When I asked Akira Nishii, an LSA and Engineering junior, how it felt to be named a student of the year, he chuckled. He took some time to compile his thoughts before sharing that it felt good to be recognized for his efforts, but that he would not be where he is today if it was not for other people in his life — the professors and students who helped get him this far.

Nishii wants to build bridges between people and opportunities. Connecting people, both to resources and each other, is his passion.

Nishii’s motivation to build bridges can be traced back, at least in part, to his experiences as an international student from Japan. Like many international students on campus, he faces unique challenges. For instance, as an aspiring physician, he can only apply to certain U.S. medical schools. However, Nishii never wanted his citizenship to be a barrier to him so he got creative and built a bridge by beginning to translate Japanese into English. Now he translates TED Talks, and he guest lectures about audio-visual translation to Asian Languages and Cultures classes. Though it may not help him surmount the application barrier, he sees translation as a way to be proud of his roots while creating new opportunities.

When he started doing research in high school, Nishii treated his work as an intellectual venture. However, his feelings toward medicine and research changed after being diagnosed with ulcerative colitis, an incurable bowel disease.

“Even though being diagnosed with a disease isn’t a fun thing, at the same time, it gave me a new perspective,” he said.

Nishii understands research and development are expensive but also believes patients should not have to pay exuberant prices for treatment. Therefore, he is now interested in pursuing a medical degree and an MBA to bridge the gap between patients and the biomedical industry.

“I think I’m more interested in optimizing health care practices and research, more so than the research itself,” he said.

Nishii’s knack for building bridges is apparent upon examining the connections he has made while creating Perch, a platform that matches undergraduate students with research labs.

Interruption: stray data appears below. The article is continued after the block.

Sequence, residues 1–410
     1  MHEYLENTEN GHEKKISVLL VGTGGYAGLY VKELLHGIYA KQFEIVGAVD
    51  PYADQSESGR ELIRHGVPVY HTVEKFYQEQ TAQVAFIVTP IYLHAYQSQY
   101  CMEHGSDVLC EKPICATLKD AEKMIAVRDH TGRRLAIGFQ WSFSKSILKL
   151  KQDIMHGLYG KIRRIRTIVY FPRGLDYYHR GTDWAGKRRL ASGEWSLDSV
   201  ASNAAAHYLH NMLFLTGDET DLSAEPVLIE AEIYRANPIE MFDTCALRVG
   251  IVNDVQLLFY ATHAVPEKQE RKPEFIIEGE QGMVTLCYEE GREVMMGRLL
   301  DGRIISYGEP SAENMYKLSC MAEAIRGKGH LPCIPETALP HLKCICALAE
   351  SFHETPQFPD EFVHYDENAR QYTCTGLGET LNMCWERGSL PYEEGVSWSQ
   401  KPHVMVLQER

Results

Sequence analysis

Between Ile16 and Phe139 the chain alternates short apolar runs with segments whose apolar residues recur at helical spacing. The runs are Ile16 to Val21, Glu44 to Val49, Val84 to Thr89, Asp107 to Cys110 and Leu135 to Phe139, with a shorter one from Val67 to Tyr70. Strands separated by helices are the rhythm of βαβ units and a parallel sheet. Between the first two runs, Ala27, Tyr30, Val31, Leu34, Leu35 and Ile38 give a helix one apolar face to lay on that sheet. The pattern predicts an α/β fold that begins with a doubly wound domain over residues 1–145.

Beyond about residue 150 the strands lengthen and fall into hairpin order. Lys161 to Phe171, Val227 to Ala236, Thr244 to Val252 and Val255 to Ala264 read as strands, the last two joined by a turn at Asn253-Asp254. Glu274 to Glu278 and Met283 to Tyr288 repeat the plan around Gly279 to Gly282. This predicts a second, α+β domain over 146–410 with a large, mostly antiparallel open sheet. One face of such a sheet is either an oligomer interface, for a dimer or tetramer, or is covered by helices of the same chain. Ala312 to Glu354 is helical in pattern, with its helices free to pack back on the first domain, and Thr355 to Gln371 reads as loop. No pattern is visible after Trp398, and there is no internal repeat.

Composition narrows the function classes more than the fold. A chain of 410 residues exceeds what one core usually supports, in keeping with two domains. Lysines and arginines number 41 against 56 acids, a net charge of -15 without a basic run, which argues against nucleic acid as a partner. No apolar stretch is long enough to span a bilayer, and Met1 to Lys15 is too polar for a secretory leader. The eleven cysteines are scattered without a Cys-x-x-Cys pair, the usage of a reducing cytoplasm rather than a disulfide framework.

“It is very difficult for undergraduates to get into laboratories and so, currently, the primary means to reach professors is email, which can be discouraging to undergraduate students because either professors don’t check their emails or a lot of professors’ lab websites that currently exist are geared towards graduate students,” he said.

To facilitate the process, Perch uses an algorithm to match undergraduates and their skills to labs.

“So this is like LinkedIn meets eHarmony?” I asked.

“Kind of,” he admitted jovially.

Starting next year, the University’s Undergraduate Research Opportunities Program will be using his platform. Perch is also collaborating with the Chemistry, Biology and Chemical Engineering Departments to create a new research fundamentals classes for students. Nishii expects over 8,000 University students to be using Perch by next year. Perch has also been recognized as one of the top 32 student startups and has received attention from Sanjay Gupta, a prominent neurosurgeon and medical correspondent, and Jeff Arnold, the entrepreneur behind WebMD.

Bridges were even built during our interview as we discussed our shared interest in Orson Scott Card’s “Ender’s Game” and its much-maligned sequel “Ender’s Shadow.”

Nishii is building bridges, between students and professors, between Japan and America, between patients and medicine, and he is just getting started.

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